Doe v. Bd. of Trs. of the Univ. of Ala., No. 5:14-cv-2029-MHH, 2020 U.S. Dist. LEXIS 43864 (N.D. Ala. Mar. 13, 2020)
04/14/2020Jane Doe was sexually assaulted by a fellow University of Alabama-Huntsville (“UAH”) student at a UAH dorm after Jane had consumed too much wine to be capable of consent. UAH’s student conduct board found the respondent, L.U., responsible, in part because he confessed, and expelled L.U. On appeal, Dr. Wren, UAH’s appeal officer for sexual misconduct cases, reduced the sanction to two semesters, delayed until the summer semester. UAH moved for summary judgment on Jane’s deliberate indifference cause of action. The Court denied UAH’s motion finding that reasonable jurors could conclude that UAH protected a male student respondent and was deliberately indifferent to the sexual assault of a female student and the safety of the campus community.
To establish deliberate indifference, a plaintiff must establish not only that the school district was deliberately indifferent to known acts of harassment, but also that the known harassment was “so severe, pervasive, and objectively offensive that it denied its victims the equal access to education that Title IX is designed to protect.” The Court’s decision focused on whether UAH was deliberately indifferent and whether the harassment was “severe, pervasive, and objectively offensive.”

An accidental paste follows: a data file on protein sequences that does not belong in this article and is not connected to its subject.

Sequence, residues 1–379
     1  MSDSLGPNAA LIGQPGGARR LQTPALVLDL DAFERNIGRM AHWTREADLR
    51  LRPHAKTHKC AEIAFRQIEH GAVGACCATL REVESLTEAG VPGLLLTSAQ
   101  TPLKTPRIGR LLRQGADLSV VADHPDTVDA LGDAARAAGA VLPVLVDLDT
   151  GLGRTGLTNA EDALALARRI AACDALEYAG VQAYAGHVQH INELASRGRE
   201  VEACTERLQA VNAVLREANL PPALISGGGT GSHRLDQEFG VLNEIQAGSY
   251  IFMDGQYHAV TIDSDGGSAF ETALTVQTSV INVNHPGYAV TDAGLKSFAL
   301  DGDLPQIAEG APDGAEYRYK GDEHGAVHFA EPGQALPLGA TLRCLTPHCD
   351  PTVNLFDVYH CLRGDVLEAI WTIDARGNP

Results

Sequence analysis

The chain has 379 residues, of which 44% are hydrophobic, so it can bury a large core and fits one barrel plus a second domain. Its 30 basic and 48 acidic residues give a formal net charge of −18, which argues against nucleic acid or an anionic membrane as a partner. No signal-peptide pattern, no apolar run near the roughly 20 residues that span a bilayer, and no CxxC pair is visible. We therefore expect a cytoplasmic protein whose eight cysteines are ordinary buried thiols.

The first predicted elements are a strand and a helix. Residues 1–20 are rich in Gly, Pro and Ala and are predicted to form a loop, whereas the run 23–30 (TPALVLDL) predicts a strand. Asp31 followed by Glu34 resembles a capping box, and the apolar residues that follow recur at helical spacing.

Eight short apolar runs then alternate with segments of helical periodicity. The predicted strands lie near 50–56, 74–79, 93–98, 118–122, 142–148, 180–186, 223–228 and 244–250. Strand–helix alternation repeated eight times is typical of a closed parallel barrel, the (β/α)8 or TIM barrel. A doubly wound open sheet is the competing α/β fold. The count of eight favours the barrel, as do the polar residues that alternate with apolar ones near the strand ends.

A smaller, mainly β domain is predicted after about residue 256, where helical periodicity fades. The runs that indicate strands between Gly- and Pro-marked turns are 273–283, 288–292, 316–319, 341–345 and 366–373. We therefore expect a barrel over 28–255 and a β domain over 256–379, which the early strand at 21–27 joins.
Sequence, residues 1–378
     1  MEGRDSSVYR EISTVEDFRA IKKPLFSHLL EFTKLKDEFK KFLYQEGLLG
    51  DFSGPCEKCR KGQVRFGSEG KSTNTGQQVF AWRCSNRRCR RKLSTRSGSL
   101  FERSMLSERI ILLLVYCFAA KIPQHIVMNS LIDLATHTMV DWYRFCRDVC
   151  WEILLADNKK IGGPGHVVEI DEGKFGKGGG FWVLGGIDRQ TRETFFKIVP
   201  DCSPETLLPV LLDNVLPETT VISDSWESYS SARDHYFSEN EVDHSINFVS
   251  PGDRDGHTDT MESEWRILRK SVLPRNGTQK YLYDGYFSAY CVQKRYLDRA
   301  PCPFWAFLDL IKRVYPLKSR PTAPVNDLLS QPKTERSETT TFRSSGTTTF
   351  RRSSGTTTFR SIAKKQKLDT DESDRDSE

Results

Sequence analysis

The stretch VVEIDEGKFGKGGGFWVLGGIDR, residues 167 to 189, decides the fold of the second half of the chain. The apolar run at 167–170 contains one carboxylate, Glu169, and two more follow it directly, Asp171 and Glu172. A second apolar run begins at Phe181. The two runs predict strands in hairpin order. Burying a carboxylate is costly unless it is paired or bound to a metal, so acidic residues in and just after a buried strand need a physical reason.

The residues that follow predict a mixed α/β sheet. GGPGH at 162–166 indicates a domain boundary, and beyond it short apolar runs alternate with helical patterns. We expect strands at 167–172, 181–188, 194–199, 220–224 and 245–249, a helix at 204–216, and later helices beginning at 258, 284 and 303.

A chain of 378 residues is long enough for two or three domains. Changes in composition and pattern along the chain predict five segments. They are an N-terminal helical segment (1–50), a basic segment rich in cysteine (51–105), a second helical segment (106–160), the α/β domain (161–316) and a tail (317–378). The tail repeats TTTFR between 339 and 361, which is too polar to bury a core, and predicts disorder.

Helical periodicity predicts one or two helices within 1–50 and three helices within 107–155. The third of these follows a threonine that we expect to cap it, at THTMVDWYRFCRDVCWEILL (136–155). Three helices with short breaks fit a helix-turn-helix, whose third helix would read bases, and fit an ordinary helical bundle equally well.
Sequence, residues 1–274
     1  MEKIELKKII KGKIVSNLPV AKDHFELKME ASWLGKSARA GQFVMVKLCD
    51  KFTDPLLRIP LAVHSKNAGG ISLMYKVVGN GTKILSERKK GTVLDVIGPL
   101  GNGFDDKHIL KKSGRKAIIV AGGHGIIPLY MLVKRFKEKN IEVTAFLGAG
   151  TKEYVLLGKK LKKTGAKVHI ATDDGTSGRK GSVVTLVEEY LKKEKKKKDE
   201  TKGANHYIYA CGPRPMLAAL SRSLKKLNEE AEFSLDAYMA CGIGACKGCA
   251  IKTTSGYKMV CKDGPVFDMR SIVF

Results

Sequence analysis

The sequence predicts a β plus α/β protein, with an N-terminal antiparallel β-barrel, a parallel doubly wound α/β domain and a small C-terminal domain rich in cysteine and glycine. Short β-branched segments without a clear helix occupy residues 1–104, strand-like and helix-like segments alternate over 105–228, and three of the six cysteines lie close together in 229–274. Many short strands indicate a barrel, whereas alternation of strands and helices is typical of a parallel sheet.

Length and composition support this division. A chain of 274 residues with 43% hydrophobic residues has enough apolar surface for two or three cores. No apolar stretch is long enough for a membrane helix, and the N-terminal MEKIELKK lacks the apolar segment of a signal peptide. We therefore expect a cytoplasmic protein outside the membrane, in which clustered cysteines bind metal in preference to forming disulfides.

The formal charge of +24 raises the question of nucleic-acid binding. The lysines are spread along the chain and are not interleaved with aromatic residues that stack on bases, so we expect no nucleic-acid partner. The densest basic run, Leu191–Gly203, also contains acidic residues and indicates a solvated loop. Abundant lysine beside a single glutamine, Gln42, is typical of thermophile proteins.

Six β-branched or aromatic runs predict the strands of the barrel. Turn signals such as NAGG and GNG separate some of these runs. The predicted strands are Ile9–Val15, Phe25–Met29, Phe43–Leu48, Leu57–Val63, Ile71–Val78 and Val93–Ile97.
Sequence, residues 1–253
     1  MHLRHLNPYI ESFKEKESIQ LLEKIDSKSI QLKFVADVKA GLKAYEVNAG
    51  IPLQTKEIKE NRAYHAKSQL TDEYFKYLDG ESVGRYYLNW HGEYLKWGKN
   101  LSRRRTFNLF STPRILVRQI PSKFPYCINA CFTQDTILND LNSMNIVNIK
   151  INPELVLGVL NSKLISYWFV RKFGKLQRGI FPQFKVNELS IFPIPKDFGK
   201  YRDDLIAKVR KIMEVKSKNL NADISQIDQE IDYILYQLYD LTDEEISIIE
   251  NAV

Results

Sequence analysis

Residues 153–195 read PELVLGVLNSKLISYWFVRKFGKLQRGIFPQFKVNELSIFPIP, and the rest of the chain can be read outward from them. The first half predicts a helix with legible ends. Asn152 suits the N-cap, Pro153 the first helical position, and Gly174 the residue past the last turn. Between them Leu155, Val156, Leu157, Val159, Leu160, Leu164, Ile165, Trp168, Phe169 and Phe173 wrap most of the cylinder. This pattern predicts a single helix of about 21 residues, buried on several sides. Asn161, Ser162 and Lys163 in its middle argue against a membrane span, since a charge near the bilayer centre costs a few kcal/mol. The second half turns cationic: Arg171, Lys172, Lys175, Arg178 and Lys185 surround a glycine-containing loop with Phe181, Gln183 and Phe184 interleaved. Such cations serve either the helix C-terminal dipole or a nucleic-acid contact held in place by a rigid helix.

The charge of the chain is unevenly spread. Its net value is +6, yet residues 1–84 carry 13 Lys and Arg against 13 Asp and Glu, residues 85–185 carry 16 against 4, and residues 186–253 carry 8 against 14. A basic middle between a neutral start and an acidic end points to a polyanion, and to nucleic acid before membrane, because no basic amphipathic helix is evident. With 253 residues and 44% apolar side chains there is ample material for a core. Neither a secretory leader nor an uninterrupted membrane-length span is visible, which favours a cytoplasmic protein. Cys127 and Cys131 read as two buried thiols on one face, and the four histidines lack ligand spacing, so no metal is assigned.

In finding that a reasonable juror could find UAH deliberately indifferent, the Court relied upon the fact that UAH had a record of choosing not to file charges in known instances of forced sex and of allowing students who sexually assaulted others to withdraw from the university before the university imposed sanctions that would impact the students’ records. Incredibly, Dr. Wren’s emails showed that he did not agree with the decision to expel L.U. because “[UAH] have people walking around  campus that are known to have committed worse sexual conduct than [L.U.] and they were never charged. I’m wondering if the [student conduct board] would consider that in evaluating whether this case should have been brought or not.” There was also evidence that the campus police discouraged Jane from filing criminal charges against L.U. and that UAH did not offer Jane any support or accommodations to help her cope with L.U.’s continued presence on campus.
While Jane was able to maintain her grades and graduate from UAH, the Court found that there was sufficient evidence to support a finding that the harassment she suffered was “severe, pervasive, and objectively offensive.” Jane sought counseling, where she was prescribed anti-depression and anti-anxiety medication, she considered suicide, was afraid unable to sleep alone at night, and was so terrified of people on campus that she rarely left her dorm except to attend classes.
The Court ultimately denied UAH’s motion for summary judgment, and the case will be set for trial.